In the early 1990s, having long been active in various history of medicine and health professional associations, Dr. Fee helped co-found two crucial organizations that brought recognition and legitimacy to left-wing activism and scholarship in public health history. The Sigerist Circle was founded in 1990 by a group of medical and public health historians and activists to give special attention to issues of class, race, and gender, and to the use of Marxist, feminist, postcolonial, and related critical methodologies in the analysis of medical history. Named for the pioneering history of medicine scholar-activist Henry Sigerist, the group’s activities include an annual scholarly session (adjacent to the meeting of the American Association for the History of Medicine), participation in contemporary political affairs, and –before listserves and search engines made them redundant– newsletters and a periodic bibliography of works otherwise difficult to locate. Dr. Fee served as both Vice-President and President of the Sigerist Circle in its nascent years, helping to animate events, and mentor and provide mutual assistance and intellectual stimulation to young scholars and other colleagues. Liz and Ted Brown also co-edited the monumental volume Making Medical History: The Life and Times of Henry E. Sigerist (1997), bringing additional credibility to the Sigerist Circle’s work.

In 1994 Liz helped cofound the Spirit of 1848, which is a Caucus affiliated with the American Public Health Association (APHA) and is committed to underscoring and analyzing the integral connections between social justice and public health. Both its listserve and its sessions at the APHA annual meeting are aimed at addressing the professional, practical, and scholarly isolation many progressives experience – and at working collectively and in dialogue, to understand and change how social divisions based on social class, race/ethnicity, gender, sexual identity, and age affect the public’s health. With the Spirit of 1848’s history committee consciously linked to the Sigerist Circle, Liz helped infuse historical passions and sensibilities into the Spirit of 1848’s various activities around the politics of public health.

Those who are long-time 1848-ers will recall the Extravaganza held at APHA in 1998 (Washington, DC), titled “150 Years of the Spirit of 1848: An Evening of Politics, Passion, and Public Health.” This marathon 4-hour session included participation of multiple progressive APHA caucuses and sections and the beautiful voices of Rafiki na Dada, and culminated in the singing of the Internationale. Not only did Liz give a stirring talk on “The 1848 Movements for Socialism and Justice,” she corralled the NLM’s costume person into bringing along a half dozen 1848-era outfits—dressing herself in the garb of the time, as well as costuming a fictional Karl Marx and Olympe de Gouges, among others.


Dr. Fee was the recipient of numerous honors, including Kellogg and Fulbright fellowships, the National Library of Medicine Regents Award, the Arthur Viseltear Award from APHA’s Medical Care Section, as well as endowed lectures across the world. Her more than 200 articles and chapters cover topics as diverse as bioterrorism, sin vs. science in the racialized treatment of syphilis in Baltimore, and popularizing the toothbrush, ever posing the question of whether there is anything to learn from history and speaking to both specialists and a broad public of all ages.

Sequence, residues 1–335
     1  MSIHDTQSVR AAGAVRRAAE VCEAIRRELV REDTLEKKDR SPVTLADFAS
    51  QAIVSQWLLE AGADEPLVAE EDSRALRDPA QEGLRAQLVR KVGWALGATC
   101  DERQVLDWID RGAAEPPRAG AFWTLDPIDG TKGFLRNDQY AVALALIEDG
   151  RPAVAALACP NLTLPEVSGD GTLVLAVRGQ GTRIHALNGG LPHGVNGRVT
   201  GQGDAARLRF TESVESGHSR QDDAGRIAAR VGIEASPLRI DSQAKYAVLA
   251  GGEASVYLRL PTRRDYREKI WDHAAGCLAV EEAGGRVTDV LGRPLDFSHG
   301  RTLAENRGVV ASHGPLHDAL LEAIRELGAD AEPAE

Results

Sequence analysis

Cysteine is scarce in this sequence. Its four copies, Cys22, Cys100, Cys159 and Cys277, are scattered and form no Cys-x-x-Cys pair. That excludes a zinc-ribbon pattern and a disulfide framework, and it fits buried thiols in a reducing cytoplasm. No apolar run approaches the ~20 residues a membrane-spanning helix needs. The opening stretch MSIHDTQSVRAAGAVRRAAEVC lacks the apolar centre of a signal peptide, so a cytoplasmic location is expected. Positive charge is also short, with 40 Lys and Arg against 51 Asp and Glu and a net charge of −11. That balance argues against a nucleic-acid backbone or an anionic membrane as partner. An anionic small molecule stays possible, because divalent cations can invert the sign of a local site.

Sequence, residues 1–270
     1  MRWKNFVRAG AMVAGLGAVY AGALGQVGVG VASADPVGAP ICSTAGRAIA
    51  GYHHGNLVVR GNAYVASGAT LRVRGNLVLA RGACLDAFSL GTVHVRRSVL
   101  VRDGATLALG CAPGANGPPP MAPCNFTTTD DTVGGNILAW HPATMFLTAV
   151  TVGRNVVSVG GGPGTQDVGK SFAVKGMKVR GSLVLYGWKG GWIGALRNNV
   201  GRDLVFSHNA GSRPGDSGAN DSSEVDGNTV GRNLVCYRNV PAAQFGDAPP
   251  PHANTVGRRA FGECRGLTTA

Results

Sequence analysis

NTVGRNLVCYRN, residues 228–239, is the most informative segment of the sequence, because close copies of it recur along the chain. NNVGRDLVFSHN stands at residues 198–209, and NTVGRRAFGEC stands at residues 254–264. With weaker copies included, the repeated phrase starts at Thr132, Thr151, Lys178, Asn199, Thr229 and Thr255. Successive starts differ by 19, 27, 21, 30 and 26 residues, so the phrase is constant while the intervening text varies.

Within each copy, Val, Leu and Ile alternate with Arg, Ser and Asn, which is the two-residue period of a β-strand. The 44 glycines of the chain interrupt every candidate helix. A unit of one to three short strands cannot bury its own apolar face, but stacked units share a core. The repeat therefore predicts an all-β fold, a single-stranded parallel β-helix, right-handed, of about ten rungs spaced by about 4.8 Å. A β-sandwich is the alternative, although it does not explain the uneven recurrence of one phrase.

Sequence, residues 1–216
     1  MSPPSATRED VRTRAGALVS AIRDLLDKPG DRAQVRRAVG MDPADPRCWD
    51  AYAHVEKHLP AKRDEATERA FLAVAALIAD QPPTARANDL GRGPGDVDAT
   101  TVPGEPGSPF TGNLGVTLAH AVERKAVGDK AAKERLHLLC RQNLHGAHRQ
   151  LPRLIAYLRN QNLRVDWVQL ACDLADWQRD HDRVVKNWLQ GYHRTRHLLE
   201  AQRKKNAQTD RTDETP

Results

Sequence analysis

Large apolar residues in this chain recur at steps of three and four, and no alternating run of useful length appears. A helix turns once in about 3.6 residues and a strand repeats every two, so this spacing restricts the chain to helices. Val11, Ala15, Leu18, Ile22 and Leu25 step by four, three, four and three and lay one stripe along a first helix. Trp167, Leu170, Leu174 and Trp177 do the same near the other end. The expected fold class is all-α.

Well aware of her critical writings, admirers of Dr. Fee’s work at the Rockefeller Foundation and the World Health Organization (WHO) invited her in the early 2000s to co-chair the history working group of the Joint Learning Initiative, an effort to analyze international public health initiatives during the 20th century and uncover new insights into their successes and failures. This led to her involvement in a series of articles and a forthcoming co-authored monograph (with Marcos Cueto and Ted Brown) examining the vagaries of global health and WHO’s role therein.  Once again, Liz was vital to ensuring that the genre of institutional history would be transformed into a page-turning narrative of contentious politics, personae, and programs spanning WHO’s aspirational post-World War II beginnings, the tensions and turnarounds of the Cold War period, and the embattled contemporary era of private encroachment on WHO turf.


In recent years, despite facing multiple health challenges, Liz continued to write prolifically, particularly short pieces with a wide audience in mind that shed light on often little-known revolutionary figures and movements.


This small snapshot could not possibly capture the scholarly, professional, and personal contributions that Liz made across her lifetime. Without a doubt, the work of Elizabeth Fee, the doyenne of public health historians, will endure and continue to inform the critical progressive work of the many communities of practitioners, activists, politicians, and scholars around the world whose lives Liz touched and whose work she inspired.



–Anne-Emanuelle Birn, for whom Liz was a gem of a comrade, friend, & mentor



*Dr. Fee’s beloved wife and sometime co-author, Mary Garofalo, has asked that donations in honor of Liz be made to the ALS Foundation and to progressive public health causes across the world.


**A further announcement and link will be posted after Dr. Fee’s full bibliography is compiled and placed on the Sigerist Circle website.

Published in: on April 29, 2019 at 10:13 am  Leave a Comment